Communication Studies and English would occupy one upper quad building, as would social science programs such as economics and sociology. The natural sciences would be grouped together in the northwest part of campus.
Once the conversion takes place, Shultz Hall would house specialized facilities such as art studios, television production facilities, and other production facilities that would benefit from the open space now used for dining services.
The Corps of Cadets would return to Eggleston Hall, which was designed and built for the corps; overflow housing for the Corps would be available in East Campbell. The military science department would be moved to War Memorial gymnasium.
A new facility is planned for the College of Agriculture and Life Sciences to provide space for modern laboratories and other specialized uses.
The high-density storage facility for library books would have the capacity to hold 1 million volumes--15 times the number of books per square foot of space that a traditional library holds. The book-store conversion would provide an additional 30,000 square feet of library space. The storage of little-used volumes would free valuable stack space for other uses.
A new bookstore would be constructed with bookstore revenues to replace the existing one.
The university has been developing approaches to address its space needs over the past several years. For example, in the mid-1980s, the university set forth a plan to renovate and expand Squires Student Center to meet both academic and student space needs. Through this effort, the university has opened some of the finest performing arts space in the country.
In 1988, the university initiated a pilot plan to test whether some of the older dormitories might be renovated for faculty and staff office space and a new residence hall constructed to improve the quality of student life. This concept was embraced by university and state officials and authorized by the 1990 session of the General Assembly.
In addition, during the early days of the McComas administration, the university developed a comprehensive facilities planning process to look at ways to build on earlier initiatives through the renovation and conversion of older space and the construction of new facilities. These efforts have resulted in what has been known since 1990 as the integrated space plan for the university.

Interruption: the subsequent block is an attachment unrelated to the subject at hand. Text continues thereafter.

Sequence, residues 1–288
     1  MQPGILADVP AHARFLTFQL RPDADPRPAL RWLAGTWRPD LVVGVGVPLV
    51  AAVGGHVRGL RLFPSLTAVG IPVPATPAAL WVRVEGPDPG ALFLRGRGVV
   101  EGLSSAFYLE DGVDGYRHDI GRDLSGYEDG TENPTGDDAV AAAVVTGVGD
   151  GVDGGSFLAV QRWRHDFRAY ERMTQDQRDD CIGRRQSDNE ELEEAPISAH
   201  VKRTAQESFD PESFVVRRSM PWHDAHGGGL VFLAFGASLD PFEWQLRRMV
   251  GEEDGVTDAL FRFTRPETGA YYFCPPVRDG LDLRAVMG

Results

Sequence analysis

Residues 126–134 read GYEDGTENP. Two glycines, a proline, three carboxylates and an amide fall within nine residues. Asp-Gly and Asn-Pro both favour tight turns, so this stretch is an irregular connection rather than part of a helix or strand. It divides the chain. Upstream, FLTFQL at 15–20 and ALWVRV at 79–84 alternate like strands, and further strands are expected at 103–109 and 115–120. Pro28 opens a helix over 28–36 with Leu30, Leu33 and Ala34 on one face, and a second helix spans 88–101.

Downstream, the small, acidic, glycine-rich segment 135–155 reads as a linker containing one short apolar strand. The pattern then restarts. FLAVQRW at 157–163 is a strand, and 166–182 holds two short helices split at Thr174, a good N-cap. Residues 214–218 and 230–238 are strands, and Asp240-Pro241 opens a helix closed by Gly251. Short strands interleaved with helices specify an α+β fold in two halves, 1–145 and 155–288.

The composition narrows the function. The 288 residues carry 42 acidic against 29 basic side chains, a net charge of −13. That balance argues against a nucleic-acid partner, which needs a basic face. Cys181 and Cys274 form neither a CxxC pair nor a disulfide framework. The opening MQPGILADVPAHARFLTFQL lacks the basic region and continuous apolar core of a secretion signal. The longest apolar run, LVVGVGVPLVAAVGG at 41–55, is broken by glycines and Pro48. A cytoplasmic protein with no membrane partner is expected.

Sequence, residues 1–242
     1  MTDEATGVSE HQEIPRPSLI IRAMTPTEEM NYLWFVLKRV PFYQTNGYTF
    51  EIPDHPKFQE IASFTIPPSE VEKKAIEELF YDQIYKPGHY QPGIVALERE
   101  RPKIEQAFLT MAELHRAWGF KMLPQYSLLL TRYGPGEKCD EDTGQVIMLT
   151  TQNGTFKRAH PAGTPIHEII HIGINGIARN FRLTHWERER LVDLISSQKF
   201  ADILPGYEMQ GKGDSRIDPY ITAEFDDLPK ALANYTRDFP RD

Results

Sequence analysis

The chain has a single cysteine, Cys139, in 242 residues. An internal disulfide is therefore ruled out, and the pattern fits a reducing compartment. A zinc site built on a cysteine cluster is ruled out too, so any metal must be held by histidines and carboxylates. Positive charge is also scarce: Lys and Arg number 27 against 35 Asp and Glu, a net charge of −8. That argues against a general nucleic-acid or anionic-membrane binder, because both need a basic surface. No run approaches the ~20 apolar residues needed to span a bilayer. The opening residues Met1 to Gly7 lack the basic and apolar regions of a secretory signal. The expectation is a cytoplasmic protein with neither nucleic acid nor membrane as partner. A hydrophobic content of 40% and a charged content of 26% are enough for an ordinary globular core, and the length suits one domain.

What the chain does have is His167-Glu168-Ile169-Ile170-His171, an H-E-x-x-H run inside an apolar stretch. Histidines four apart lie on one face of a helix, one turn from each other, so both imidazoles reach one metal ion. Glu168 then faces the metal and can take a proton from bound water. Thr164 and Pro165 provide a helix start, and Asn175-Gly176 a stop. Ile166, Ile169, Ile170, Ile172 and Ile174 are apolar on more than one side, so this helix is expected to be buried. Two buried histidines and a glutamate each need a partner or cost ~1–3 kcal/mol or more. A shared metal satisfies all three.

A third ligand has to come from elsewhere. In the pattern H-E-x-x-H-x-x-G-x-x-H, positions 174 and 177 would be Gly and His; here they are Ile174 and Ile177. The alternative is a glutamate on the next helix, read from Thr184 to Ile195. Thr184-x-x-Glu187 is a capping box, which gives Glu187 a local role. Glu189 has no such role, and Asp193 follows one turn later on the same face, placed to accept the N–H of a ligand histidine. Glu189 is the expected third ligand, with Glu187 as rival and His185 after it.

Executive Vice President and Chief Business Officer Minnis Ridenour says the plan provides "a sense of direction--a reasonably coherent pattern of campus development" that can guide capital outlay and campus master planning during the next 10 to 15 years.
If a bond referendum for this plan is approved by the General Assembly, the next projects would be scheduled for completion during the 1994-96 biennium.
"The question you have to ask is, 'Does this strategy present a sensible overall plan for the campus?' Relying on new construction will not address program needs quickly enough. We must look to creative and effective means to address our space needs and must work with the state in finding ways to jointly address our need for facilities. We believe the integrated space plan is such an approach," Ridenour says.
Proposed new look of the central campus
- Corps of Cadets and military sciences
- Residence and dining halls
- College of Agriculture
- College of Architecture
- College of Arts and Sciences, fine arts
- College of Arts and Sciences, humanities and social sciences
- College of Arts and Sciences, natural and physical sciences
- College of Arts & Sciences, mathematical sciences
- College of Business
- College of Education
- College of Engineering
- College of Forestry and Wildlife Resources
- College of Human Resources
- Academic and student support
- College of Veterinary Medicine
Proposed new buildings
- Creative arts center
- Chemistry/physics phase II
- Agriculture/forestry research labs
- Physical fitness center
- New university bookstore
Virginia Tech Magazine Volume 14, Number 2 Winter 1992